a. A sDm.n.f form of a verb of motion (as suggested by its determinative) should be expected in this place. It is impossible, however, to ascertain either the exact form of the verb used or its meaning. It seems that t is to be identified as the last consonant of the verb. b. The phrase Hm n nb.(j), see e.g. Urk. I, 134.13. On the graphy nb with phonetic complement, see: Wb II, 227; cf. E. Doret, The Narrative Verbal system of Old and Middle Egyptian (Geneva 1986), 14-15, n. 24. c. On the perfective form jw sDm.n.j, see: E. Edel, Altgyptische Grammatik, Analecta Orientalia 34/39 (Rome 19551964), 170; Doret, op. cit., 98-102. d. On the sDm.t.f form after the preposition r, see: Edel, op. cit., 734. (On the other interpretation of the phrase: jr Hztj wj nb.j as a prospective relative form, see: Doret, op. cit., 25, n. 108, 110). e. Cf. eg. Urk. I, 100.11. f. A tall and narrow sign should precede the signs q and r, as they are narrower than the width of the column. Only jqr would make sense in this place. On the sDm.f form after the preposition n, see: Edel, op. cit., 503, 510. g. On the compound form wn.f sDm.f, see: Edel, op. cit., 895; Doret, op. cit., 111-112. Apparently, suffix .f should be read twice, although it is written only once for graphic reasons. h. On the active Hzz.f after n aAt nt as the object of a preposition, see: Edel, op. cit., 777; Doret, op. cit., 55. i. Several titles are known to be composed of the two elements, xrp and pr-aA, see: D. Jones, Index of Ancient Egyptian Titles, Epithets and Phrases of the Old Kingdom, BAR International Series 866 (Oxford 2000), nos. 2551 (xrp jrw-Sn), 2567 (xrp jdt), 2597 (xrp wtjw), 2621 (xrp msw nSd), 2684 (xrp zH), 2725 (xrp stjw). However, after xrp a tall narrow sign should be expected, as e.g. w (xrp wtjw) or F29 (xrp stjw). It is possible that the owner of the present monument was a supervisor of the embalmers or the necklace stringers of the Great House. k. The translation of the preposition depends on the meaning of the predicate. l. Cf. Wb II, 40.1.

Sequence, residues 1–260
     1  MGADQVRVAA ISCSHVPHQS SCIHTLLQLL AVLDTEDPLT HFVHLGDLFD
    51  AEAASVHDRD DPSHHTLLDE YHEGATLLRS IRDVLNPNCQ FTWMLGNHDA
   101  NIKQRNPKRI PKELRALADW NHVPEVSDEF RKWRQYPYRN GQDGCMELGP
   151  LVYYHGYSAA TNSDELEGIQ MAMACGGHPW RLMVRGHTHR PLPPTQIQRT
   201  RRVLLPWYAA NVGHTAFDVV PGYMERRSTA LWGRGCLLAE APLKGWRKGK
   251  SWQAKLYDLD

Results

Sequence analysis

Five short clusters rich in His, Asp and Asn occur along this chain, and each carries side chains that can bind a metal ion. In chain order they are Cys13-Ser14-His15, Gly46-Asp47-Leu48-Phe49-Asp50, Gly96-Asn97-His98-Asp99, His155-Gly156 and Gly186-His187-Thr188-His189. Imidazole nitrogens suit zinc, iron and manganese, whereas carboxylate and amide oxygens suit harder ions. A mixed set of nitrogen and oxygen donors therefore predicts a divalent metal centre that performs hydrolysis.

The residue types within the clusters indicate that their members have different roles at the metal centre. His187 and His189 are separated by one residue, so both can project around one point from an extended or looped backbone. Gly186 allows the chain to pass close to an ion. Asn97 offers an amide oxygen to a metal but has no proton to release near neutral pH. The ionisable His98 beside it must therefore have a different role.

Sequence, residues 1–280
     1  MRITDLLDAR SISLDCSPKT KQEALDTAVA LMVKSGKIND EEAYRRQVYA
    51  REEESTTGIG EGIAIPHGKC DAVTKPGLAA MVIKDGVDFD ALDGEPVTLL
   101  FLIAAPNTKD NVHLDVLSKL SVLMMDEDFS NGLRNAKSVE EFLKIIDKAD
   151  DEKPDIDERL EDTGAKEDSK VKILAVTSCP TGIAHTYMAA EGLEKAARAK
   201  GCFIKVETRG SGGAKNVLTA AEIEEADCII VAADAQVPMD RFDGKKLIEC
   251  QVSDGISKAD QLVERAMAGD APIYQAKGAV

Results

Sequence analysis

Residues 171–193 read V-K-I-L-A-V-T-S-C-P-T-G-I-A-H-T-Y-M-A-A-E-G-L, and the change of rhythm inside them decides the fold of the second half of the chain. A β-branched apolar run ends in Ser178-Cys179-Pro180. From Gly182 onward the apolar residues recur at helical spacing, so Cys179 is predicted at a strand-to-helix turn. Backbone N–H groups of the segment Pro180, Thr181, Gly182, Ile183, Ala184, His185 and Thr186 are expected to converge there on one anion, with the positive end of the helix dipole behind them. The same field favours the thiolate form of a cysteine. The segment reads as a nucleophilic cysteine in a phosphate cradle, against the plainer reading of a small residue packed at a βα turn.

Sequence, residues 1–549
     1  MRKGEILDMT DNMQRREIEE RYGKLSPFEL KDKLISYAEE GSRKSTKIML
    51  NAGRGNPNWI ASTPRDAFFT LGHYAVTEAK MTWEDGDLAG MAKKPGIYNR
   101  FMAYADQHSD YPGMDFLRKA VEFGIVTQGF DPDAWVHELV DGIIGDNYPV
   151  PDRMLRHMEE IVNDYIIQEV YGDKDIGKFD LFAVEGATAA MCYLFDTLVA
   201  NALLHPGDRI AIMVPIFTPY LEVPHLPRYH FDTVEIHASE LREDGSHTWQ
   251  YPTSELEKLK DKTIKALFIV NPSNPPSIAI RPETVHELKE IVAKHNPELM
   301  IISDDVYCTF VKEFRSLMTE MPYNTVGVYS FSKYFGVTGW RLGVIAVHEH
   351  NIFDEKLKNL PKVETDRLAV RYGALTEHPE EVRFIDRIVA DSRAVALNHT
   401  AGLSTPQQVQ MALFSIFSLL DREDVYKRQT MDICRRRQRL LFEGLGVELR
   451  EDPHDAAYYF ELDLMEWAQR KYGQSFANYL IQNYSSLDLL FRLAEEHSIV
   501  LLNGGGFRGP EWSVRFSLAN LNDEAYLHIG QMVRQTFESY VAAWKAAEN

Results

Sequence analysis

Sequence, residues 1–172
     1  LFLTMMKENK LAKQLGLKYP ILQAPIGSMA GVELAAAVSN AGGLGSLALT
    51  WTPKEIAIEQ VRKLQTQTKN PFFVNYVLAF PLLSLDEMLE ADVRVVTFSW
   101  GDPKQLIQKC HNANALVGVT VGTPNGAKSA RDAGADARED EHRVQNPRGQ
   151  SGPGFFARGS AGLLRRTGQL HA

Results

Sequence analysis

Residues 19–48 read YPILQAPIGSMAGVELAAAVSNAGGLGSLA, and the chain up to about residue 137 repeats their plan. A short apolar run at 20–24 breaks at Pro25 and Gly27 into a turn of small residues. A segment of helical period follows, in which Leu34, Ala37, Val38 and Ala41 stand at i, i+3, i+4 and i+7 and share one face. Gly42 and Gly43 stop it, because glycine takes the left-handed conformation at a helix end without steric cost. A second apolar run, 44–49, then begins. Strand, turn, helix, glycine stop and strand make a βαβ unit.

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CONCLUSION
The inscription on the present monument does not conform to the standardized autobiographical texts occurring in Old Kingdom tombs; hence, it should be recognized as a real life story.4) It is impossible to ascertain whether this biography of the tomb owner was inscribed on only the left or on both jambs of the false door, although it seems that the final part of the inscription is indeed the end of the text. The reconstruction of the initial part and the lost verbs poses a number of difficulties because of the unconventional character of the text. To judge by the graphy and phraseology, the monument should be dated to the Sixth Dynasty, but textual and stylistical data alone do not warrant a more precise dating.

4) Concerning biographical texts, see, e.g. M. Lichtheim, Ancient Egyptian Autobiographies, Chiefly of the Middle Kingdom (Freiburg-Gttingen 1988), 5-21; A.M. Gnirs, Die gyptische Autobiographie, in: Ancient Egyptian Literature. History and Forms, ed. A. Loprieno (Leiden 1996), 191-241. On the phraseology of such texts: E. Edel, Untersuchungen zur Phraseologie der gyptischen Inschriften des Alten Reiches, MDAIK 13 (1944), 1-90.